- To shape the naans I use one of two methods, depending on how I feel like. To get a nice bubbly naan I usually just stretch the dough with my hands to get the classic teardrop shape, and eventually sprinkle some sesame seeds on. Otherwise I shape the naans like a snowshoe. To do this wet your fingers and dimple the dough with them, making quite deep marks. The dough will stretch only slightly so you'll need to finish off the naan by stretching it out in one direction. With this method eventual toppings stick better to the dough. Be careful not to get the underside of the naan wet or it will almost inevitably stick to the surface you'll bake them on. For a more graphical explanation you might wan to to take a look at this episode of Julia Child's tv show, only adviseable if you have a high speed connection. Don't worry if you get a few holes, these will give the naan some nice crunchy bits. It's important to remember not to stretch the dough to its full size as it will continue stretching while you move it into the oven. Otherwise you might have to flip one side over.
- Finally the baking. Move the naan into the oven and lay it down flat on the baking surface. If your oven is big enough you could bake two side to side. Laying the naan down takes a bit of practice and some care. Whatever you touch will burn your hands so one has to be concentrated. Also, as the back of my hand wishes to remind me :-), even leaving your hands too long into the oven might cause slight burns. Nut what's a little burn, if you manage to get a tasty naan ;-)? Once the naans are in the oven they will bake in about 5-6 minutes. I usually turn the grill/broiler on in the first 1-2 minutes and then turn it off again (the grill is about 30 cm/12 in away from the bread). I find this helps the naan to bubble up nicely and also gives a few more of those aesthetic brown spots you can see in the pics. Once ready I let the naans cool slightly on a rack and then wrap them into a cloth to keep them warm. If I want garlic flavoured (or other) naan I just brush the top side of the bread with some ghee in which I've slowly simmered some chopped garlic and then either eat the bread straight away or fold it in two.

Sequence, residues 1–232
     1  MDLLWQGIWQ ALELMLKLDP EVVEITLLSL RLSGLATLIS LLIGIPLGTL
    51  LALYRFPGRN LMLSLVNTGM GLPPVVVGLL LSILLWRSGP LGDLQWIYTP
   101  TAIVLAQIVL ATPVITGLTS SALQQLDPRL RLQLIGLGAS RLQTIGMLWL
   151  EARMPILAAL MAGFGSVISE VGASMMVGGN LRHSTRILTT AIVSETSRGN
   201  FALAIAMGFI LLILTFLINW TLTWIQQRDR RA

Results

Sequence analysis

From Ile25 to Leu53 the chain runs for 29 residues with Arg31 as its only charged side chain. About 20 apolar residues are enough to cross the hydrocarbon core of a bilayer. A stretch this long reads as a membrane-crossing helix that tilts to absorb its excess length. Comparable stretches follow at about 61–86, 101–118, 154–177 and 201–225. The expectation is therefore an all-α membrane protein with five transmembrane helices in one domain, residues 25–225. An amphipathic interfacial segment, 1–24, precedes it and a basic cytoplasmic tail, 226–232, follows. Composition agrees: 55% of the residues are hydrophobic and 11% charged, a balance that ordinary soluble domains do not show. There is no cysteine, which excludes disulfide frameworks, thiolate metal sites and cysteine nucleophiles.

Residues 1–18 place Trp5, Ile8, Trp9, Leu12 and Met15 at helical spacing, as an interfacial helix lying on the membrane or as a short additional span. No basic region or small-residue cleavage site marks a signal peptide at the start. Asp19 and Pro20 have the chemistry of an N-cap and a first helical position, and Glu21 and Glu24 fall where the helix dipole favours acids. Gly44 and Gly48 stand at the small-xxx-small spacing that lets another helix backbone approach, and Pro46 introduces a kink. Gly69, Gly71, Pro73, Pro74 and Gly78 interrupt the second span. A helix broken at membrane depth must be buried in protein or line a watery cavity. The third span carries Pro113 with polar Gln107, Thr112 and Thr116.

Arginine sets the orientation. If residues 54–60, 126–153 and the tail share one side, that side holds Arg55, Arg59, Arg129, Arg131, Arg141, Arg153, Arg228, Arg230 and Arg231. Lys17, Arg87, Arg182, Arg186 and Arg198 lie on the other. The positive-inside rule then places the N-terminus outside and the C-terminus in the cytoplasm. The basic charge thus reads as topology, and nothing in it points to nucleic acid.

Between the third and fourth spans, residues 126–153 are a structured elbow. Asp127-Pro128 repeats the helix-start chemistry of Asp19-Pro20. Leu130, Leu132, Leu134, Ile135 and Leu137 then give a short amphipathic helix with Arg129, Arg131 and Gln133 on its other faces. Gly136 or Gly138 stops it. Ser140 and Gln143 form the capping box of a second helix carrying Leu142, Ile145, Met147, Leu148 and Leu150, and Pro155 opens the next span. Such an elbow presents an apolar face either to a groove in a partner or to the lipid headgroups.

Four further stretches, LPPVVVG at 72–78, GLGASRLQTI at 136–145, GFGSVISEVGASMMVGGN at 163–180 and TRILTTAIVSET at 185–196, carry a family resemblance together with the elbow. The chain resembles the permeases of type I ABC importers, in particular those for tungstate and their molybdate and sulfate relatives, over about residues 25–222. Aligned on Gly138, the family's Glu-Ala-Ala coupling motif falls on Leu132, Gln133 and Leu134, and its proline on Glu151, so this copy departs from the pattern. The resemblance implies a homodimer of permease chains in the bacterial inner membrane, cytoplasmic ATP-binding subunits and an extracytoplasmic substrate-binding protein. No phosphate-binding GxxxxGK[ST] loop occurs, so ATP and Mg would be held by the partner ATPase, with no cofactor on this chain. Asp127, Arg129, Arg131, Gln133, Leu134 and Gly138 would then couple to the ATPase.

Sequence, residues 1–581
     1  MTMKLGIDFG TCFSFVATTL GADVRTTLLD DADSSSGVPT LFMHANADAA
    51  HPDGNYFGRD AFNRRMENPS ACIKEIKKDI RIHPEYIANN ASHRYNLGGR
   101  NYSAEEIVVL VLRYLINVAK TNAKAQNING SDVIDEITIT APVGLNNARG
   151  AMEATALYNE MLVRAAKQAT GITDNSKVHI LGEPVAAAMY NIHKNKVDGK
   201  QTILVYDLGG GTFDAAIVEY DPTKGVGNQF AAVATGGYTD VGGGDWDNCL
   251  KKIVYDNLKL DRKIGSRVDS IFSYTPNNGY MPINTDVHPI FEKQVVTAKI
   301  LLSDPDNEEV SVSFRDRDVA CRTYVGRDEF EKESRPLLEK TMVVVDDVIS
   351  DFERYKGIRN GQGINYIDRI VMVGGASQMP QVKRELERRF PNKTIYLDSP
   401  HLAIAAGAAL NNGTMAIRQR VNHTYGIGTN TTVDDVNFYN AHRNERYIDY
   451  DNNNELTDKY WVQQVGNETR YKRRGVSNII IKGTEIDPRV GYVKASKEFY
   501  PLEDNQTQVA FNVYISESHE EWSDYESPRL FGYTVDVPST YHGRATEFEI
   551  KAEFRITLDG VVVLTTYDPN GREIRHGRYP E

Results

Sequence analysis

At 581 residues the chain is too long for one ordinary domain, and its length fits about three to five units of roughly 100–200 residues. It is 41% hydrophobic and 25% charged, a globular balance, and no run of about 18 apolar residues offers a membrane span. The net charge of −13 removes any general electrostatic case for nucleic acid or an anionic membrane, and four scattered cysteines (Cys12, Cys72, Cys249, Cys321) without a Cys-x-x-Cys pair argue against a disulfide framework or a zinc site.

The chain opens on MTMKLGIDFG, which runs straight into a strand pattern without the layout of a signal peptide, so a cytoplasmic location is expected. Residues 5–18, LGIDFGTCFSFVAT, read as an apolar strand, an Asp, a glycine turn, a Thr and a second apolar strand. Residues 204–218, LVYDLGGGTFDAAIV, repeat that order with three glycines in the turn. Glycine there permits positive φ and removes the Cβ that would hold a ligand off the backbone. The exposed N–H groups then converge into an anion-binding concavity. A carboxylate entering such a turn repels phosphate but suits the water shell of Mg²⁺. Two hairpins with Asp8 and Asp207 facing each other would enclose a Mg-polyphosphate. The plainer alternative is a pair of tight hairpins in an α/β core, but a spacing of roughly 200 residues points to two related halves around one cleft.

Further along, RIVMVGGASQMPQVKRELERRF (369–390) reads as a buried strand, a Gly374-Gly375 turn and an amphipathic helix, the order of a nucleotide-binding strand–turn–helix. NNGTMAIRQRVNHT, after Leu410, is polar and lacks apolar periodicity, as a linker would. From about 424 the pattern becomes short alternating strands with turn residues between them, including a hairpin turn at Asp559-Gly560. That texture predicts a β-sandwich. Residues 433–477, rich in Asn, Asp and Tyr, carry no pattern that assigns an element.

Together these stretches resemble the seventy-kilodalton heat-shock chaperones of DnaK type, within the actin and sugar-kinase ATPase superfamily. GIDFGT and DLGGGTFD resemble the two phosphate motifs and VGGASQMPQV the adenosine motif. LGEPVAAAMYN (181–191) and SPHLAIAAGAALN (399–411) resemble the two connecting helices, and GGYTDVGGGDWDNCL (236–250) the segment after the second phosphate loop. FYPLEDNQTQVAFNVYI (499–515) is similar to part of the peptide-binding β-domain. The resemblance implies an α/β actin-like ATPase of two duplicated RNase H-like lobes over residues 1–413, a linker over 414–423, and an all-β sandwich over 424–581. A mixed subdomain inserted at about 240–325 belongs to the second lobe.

With these method you'll get thin soft bubbly naans, which are my personal ideal. Sure it does take a bit of effort, but if you like these flatbreads as much as I do, it is worth the bother.
Yesterday we ate palak gosht with our naans, made using a recipe very close to this one. Other times we just like to eat a simple mint raita with our naan.
Maybe, if the result is so nice, I should consider fine tuning other recipes too...
As I wrote the title of this post I thought a lot about using the word perfect. I didn't want to sound arrogant or anything: these naans I made were, for me, perfect. On the other hand perfection is a rather fleeting concept. I made naan again yesterday night (1/3 or 3/1 if you come from the US). They came out great but I already found one or two details to improve. The search goes on....